The most radical way to help the environment and ourselves is to live rather than run around. Stay home and enjoy the garden. Go for a walk after dinner through the neighborhood. Work a jigsaw puzzle. Play cards. Play music. Put music on in a way that everyone can listen – not just through earphones. Sit on the patio or the deck with the paper, listen to the birds, notice the movement of animals in the evening. Plant a tree, or two. Make go-carts. Mow the lawn with a hand mower or pick up a broom or a rake to take pleasure in your own property, get a little exercise and breathe in the summer air.

When our lives become to-do lists and texts, and/ or a list of “shoulds” and “don’ts” to avoid environmental destruction, we create nothing memorable. No funny conversations, no inventive games, no kids playing by themselves, no magic and mystery of the natural world showing up: A butterfly in the garden, a bird nesting above a doorway, a fox in the backyard.

copenhagen ii: to ride a bike


Riding a bike at a UN climate conference can be more visionary than the talks themselves…

To get on a bike in Copenhagen is to enter into the stream of Denmark. You sit tall on a sturdy machine, equipped with fat tires and fenders, scarf around your face, hat on your head, boots covering your legs. You can ride, as I did, in a skirt or a suit under your coat and be dressed for work when you arrive. As one bike lane gives way to another, you are traffic itself, not peripheral to it. The bikes proceed as deliberately as automobiles. The bike lanes are delineated by concrete infrastructure – curbs or even parking areas between them and the cars.

I got on a bike in Copenhagen because it was my only means of transportation to the Bella Centre, the site of the UN climate talks in December, 2009. Protests around the talks had become violent, shutting down passage by train or taxi, but I had to bring my NGO pass to my colleagues.

The Bella Centre was built outside of the old city, on the flat former fields that support convention centers, hotels, and high rise apartments everywhere. Even design-conscious Scandinavia sports this cheap twentieth-century landscape. Yet here these wastelands -usually the sole province of automobiles – are made accessible and convenient by bike.

Biking there was not an athletic, scenic, or political act. It was utilitarian, a likely means of transportation no matter what the weather, the size of the road, or the density of the traffic. When I entered the bike lane outside my hotel, the streets were wet and cold and I wasn’t sure where I was going exactly. I was immediately swept along in the bike traffic, unable to easily stop or turn around without being run over. We crossed a bridge to the southwest of the city center to a minor highway split down the middle by the train track. The sun, already beginning to set at two p.m., was a vague smear of light over fields and small neighborhoods.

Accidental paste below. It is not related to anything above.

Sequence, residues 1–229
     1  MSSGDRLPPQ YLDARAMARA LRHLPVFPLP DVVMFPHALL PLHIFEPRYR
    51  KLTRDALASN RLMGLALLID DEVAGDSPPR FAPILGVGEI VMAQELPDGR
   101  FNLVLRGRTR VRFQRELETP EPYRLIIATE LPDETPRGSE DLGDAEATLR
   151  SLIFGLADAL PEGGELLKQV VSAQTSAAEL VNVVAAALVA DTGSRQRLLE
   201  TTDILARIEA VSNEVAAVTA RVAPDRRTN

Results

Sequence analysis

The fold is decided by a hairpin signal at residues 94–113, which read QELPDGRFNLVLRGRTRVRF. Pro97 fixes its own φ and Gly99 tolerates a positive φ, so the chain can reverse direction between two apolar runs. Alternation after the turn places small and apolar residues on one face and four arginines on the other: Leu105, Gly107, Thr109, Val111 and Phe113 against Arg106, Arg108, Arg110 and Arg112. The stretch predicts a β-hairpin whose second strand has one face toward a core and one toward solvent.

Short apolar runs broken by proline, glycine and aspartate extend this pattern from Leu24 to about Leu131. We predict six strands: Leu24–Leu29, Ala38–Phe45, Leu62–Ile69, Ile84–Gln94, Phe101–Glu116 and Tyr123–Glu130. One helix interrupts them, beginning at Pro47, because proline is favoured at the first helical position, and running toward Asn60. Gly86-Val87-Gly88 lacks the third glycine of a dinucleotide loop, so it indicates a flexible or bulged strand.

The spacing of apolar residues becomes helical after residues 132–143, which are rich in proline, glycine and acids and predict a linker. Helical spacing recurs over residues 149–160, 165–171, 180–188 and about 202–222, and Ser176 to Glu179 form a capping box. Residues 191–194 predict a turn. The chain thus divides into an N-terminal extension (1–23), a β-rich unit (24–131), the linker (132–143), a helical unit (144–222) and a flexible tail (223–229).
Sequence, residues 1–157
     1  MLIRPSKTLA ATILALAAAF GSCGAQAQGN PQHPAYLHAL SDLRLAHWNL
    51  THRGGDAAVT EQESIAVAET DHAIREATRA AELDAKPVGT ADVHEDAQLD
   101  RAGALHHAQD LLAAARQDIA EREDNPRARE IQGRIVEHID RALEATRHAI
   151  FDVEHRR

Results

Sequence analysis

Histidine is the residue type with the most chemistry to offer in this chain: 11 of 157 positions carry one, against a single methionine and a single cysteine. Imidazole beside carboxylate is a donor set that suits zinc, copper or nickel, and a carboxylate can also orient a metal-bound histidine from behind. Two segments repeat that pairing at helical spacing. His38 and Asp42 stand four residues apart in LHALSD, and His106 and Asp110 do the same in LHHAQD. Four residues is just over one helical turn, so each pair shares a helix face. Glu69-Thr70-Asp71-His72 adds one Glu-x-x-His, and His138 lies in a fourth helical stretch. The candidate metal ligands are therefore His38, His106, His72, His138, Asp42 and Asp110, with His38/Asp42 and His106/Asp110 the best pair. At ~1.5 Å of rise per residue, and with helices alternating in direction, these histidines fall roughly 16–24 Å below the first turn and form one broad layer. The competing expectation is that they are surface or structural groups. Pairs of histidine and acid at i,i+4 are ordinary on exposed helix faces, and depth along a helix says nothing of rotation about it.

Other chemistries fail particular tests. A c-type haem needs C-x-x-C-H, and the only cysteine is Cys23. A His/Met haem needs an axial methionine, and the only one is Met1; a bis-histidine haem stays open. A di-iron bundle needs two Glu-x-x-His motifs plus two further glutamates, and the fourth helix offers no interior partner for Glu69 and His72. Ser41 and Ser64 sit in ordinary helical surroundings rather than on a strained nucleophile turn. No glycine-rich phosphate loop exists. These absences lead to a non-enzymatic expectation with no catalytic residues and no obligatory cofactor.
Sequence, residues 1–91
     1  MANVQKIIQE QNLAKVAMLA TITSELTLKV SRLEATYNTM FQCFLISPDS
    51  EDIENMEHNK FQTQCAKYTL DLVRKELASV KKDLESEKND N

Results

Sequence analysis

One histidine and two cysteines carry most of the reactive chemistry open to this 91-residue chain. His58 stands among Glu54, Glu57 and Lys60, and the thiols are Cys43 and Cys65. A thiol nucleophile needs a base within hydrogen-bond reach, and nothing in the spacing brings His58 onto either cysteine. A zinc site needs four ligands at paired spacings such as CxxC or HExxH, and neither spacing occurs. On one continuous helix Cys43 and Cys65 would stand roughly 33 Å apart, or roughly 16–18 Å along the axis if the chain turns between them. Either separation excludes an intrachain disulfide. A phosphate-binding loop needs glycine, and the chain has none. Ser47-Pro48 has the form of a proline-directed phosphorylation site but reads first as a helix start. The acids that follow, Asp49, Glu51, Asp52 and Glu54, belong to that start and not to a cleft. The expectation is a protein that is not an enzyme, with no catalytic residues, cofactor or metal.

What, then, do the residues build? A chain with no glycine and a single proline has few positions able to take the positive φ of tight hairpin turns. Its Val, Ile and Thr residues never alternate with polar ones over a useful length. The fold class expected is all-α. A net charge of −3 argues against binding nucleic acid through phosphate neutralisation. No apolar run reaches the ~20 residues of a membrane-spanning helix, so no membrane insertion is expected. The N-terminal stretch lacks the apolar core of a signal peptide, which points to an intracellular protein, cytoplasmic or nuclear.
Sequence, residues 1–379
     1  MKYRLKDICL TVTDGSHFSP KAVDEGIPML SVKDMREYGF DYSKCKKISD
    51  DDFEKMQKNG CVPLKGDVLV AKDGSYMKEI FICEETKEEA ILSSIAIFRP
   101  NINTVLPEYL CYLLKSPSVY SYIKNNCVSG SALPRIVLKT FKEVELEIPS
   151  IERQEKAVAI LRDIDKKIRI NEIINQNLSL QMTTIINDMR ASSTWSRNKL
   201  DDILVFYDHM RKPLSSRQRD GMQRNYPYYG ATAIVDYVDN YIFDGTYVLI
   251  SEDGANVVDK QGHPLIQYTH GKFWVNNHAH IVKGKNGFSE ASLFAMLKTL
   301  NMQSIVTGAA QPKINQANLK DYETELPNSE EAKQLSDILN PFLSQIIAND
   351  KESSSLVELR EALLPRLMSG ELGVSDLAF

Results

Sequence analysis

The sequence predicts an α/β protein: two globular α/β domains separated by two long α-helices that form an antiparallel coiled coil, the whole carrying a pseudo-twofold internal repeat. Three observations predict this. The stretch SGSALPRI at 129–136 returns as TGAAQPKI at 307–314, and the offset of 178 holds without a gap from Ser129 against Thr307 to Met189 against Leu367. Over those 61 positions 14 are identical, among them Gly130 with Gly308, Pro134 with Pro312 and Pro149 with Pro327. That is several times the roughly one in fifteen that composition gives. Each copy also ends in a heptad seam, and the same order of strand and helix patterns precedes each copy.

We crossed over a major highway. A windmill turned and farther out on the horizon stood smokestacks. Snowflakes flew. As I neared the Bella Center, the auto traffic stood still under beating helicopters. Giant sculptures of three Masaai rose out of the yellow grass as some sort of display for the talks. They had the emaciated, haunted look of the skeleton sculptures that protest groups had put near the doors of the convention center in somebody’s idea of inspiration.

At a UN checkpoint I saw how much I’d managed to assimilate just by biking. One of the officers approached, smiling, and addressed me enthusiastically. Maybe he was remarking on the craziness all around; I had no idea. I didn’t even know how to say “I don’t speak Danish” in Danish. I stopped, shrugged my shoulders, and laughed, pulling the pass hanging around my neck out from under my scarf. His eyes widened in surprise at a foreigner on a bike.

The people who had come from all over the world to negotiate reducing greenhouse gas emissions were stuck in traffic. Those who came to protest were behaving such that helicopters and SUVs had to be brought in and run all day. Seemingly unaware of it, they presented the world that is: noisy, clashing, exhausting of resources, inefficient. The world that causes climate change.

I continued on past the Convention Center to the Radisson, where NGOs and negotiators had decamped while waiting for their passes. I wheeled the bike up a narrow ramp etched in the concrete beside the front steps for just that purpose, parked it with the many others in the rack, took off my coat to reveal my work outfit, and went inside.

What I had just experienced was part of the vision and the infrastructure of the carbon-light world. The people around me huddled with their Blackberries while the protesters outside delighted in made-for-TV clashes with the police. But getting on a bike, within a city- and nation-wide infrastructure that made this a mainstream and convenient option, was the least act of protest and the most visionary. It was an example of structure and change we might implement to save ourselves. Nobody mentioned that.